• I’m sorry but this idea is NOT Mr Warren’s at all but rather belongs to Christie Cotton who published this concept online when she began the nonprofit FOODSTAMPS FOR HORSES in 2008. She was devoted to finding legitimate answers to this problem and through her amazing research and hard work, came up with many solutions that would even help the Mustangs without taxpayer dollars.

    She and her Executive Board took her proposal everywhere; as a board member and the Florida Coordinator I have the lists of our contacts. We were laughed at both state and nationwide. We fought for years to pass the proposal along to other rescues, only to be ignored. Please contact me at Horsesisters@aol.com for a copy of her proposal with ALL of her great ways to help homeless horses. Now to implement the ideas.

    May 18, 2013
  • Debbie Olmsted

    Great idea! It would work.

    May 18, 2013
  • Daryl

    How wonderful you saved this mare who was so bad off and gave the foal a chance at life. i have my self bought 4 out of my 5 to save them, I get no help but I can’t do any more. Today it is so costly in the feed & care for them. No Slaughter for these animals I say, they have not done any thing to come to this end, such a horrible end.

    May 18, 2013
  • Mary Ann Gardne

    Wonderful Lets get this going!!

    May 18, 2013
  • There are so many ideas to gather “rescue” money from happy consumers. The entire pink ribbon program is just one thought -agina. A needle disposal fee? Even just for each Coggins would generate an immense fund. Its the administrative issues that are mind boggling. Christy Cotton has it broken down by state – and really there is nothing stopping anyone for trying something in their own county. Small hay banks are around…even horse rescues could apply for the Food Stamp program. It would be great to make this work without costing taxpayers. But purple ribbons on products would encourage horse lovers to pitch in as well. The ideas are endless.

    May 18, 2013
  • Kellee Garska

    It’s a wonderful idea. It still all boils down to the over breeding. At this point and time, with horse slaughter being the issue, and I’m entirely against it, there are enough horses out there for everyone without another one being born. Yes, they are cute and cuddly when they are small, etc….but they do grow and they eat more. Give a horse a home that needs a home. Stop the breeders, big and small from the over breeding, charge a stud fee that is higher than what it should be and the additional part of that fee goes to the fund for horses. It’s not the animal’s fault that it’s being bred over and over again. Go to any animal shelter and look at the puppies and kittens, same thing. Breeders need to take the responsibility and quit using the unwanted, unworthy foals as a tax write off. Let’s get control of the horses that are here before we start breeding more. There, I’ve said what’s on my mind and I feel better, but it doesn’t make things better, not yet, but it’s good to see that people are heading in the right direction.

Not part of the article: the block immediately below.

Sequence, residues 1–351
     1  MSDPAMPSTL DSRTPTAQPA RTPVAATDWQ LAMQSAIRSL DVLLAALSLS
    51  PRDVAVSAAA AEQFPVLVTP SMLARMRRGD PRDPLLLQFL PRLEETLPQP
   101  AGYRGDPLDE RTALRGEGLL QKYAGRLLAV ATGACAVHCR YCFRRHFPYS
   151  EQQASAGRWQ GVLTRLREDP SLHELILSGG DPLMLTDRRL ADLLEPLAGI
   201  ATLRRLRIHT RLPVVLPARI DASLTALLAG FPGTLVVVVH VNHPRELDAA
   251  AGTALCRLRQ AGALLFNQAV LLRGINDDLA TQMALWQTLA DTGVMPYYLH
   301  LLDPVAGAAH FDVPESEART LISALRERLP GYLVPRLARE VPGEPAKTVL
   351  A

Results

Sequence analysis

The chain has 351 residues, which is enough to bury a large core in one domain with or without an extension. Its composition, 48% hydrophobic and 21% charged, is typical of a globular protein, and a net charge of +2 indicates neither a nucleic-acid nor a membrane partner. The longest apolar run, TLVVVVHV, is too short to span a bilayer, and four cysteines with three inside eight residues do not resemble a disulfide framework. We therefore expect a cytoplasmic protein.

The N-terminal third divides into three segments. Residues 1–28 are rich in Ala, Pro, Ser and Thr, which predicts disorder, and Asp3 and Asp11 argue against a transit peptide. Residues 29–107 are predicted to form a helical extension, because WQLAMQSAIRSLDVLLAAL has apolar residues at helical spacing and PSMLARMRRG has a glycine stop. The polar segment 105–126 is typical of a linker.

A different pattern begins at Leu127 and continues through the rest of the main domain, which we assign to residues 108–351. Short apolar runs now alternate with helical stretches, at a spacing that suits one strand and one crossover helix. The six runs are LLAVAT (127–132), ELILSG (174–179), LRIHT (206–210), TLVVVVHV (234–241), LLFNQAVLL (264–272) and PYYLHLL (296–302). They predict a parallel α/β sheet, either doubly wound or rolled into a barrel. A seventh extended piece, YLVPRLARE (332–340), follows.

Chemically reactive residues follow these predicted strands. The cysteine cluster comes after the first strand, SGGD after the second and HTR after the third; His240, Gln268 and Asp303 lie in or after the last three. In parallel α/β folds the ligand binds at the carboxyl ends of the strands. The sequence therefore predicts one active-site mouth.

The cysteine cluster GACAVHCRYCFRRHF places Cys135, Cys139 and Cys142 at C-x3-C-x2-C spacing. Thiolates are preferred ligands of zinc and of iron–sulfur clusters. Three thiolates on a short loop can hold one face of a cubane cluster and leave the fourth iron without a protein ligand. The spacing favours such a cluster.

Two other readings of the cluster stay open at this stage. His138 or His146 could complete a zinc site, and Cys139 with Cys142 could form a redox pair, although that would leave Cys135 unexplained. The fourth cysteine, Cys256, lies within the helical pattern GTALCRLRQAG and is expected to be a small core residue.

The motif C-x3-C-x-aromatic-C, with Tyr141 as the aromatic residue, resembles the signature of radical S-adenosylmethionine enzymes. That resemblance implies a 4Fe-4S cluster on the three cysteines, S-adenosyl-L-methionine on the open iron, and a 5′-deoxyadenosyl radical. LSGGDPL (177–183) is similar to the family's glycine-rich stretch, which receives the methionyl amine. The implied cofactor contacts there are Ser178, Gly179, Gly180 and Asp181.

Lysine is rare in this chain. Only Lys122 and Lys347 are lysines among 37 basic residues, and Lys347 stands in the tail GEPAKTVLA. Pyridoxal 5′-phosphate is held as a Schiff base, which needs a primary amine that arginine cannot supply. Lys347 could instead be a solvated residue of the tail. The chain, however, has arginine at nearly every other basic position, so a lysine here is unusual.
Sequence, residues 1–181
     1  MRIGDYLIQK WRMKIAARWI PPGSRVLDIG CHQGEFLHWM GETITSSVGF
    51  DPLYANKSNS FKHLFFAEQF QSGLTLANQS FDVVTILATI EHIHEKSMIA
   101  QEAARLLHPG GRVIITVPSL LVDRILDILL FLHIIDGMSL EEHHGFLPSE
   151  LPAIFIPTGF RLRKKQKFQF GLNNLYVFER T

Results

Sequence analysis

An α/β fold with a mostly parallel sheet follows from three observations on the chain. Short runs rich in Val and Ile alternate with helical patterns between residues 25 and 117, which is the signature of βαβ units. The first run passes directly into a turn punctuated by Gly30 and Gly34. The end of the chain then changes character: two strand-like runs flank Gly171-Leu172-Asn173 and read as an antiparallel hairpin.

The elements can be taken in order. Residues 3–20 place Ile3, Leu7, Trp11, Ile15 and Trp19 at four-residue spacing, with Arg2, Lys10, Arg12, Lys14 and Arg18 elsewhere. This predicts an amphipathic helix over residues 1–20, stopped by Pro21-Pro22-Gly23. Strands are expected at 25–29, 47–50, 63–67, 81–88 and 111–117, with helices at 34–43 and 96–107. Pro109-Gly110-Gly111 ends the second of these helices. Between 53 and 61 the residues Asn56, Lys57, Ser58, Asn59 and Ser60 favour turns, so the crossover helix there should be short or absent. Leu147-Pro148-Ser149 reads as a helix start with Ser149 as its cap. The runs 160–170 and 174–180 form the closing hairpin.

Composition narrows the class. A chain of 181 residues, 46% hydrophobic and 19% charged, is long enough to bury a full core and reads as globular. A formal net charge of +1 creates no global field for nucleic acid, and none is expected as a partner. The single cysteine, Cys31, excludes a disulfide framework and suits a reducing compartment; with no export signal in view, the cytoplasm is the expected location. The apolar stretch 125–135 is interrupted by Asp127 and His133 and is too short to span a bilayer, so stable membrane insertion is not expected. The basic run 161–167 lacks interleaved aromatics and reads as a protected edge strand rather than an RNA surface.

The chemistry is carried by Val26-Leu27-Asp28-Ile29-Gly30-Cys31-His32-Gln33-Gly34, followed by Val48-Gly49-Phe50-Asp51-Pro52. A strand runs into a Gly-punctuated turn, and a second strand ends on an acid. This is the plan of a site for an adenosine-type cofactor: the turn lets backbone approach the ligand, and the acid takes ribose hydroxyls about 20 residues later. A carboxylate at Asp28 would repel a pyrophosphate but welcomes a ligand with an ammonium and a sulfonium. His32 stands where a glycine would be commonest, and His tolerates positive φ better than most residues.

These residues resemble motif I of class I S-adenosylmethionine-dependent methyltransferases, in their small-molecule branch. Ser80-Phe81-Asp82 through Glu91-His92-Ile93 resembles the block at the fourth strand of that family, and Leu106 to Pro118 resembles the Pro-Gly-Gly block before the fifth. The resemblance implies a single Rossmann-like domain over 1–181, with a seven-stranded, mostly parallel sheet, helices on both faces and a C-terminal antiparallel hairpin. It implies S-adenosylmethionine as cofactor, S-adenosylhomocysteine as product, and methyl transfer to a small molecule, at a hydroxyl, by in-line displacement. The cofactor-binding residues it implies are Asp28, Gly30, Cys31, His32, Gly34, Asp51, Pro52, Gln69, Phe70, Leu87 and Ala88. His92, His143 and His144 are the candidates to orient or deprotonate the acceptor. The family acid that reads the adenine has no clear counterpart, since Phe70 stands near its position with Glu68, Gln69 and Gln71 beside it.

May 19, 2013
  • Arlene

    Awesome Idea , Start with AQHA !!!!!!

    May 19, 2013
  • Jess

    I think controlled breeding is a better solution. You are always going to have “backyard breeders”, but I,know the bigger farms are over producing. With embryo transfer, one can get SEVERAL foals in one year. It lowers the value of the horses produced, and creates a higher percentage of “trash.” We all know we still get undesirable results sometimes even breeding the best horses. There should be a cap on the number of embryos produced per mare. And on the rescue topic… Who is monitoring all the rescues? People don’t realize that some of these “rescue” places are actually horse hoarders or crazy people and the horses end up worse off than at the killers. I’m sorry, but there are simply too many unwanted, disfigured, or even mentally crazy horses for all the rescues to support. I am for the slaughter house, HOWEVER, I think we should focus more on getting some hard core rules and regulations set up, so that there are less good, usable horses going to waste. As for your fee, that’s great — but just as the story you provided, what about all the vet bills its going to take? Do we have volunteer vets? If so, definitely not enough. It’s a nice thought, but I’m sorry, its just not feasible.

    May 20, 2013
  • Daryl

    Jess have you been in side a slaughter house?
    If not you need to make a trip & see just what happens to these animals and how they are slaughtered. Have you seen the sights, heard the sounds, I think not. Nothing about slaughter is good or kind in amy way for any animal to leave this world. You don’t care about the horses at all do you? Some thing else has to be done for sure, we need to get lots of poeple together and come up with some ideas, but no slaughter for any horse.

    May 20, 2013
  • Ok~Jess

    Wow Jess I am glad you do not have that view of humanity.. Or do you ? Seems like you might want to think about that.

    May 24, 2013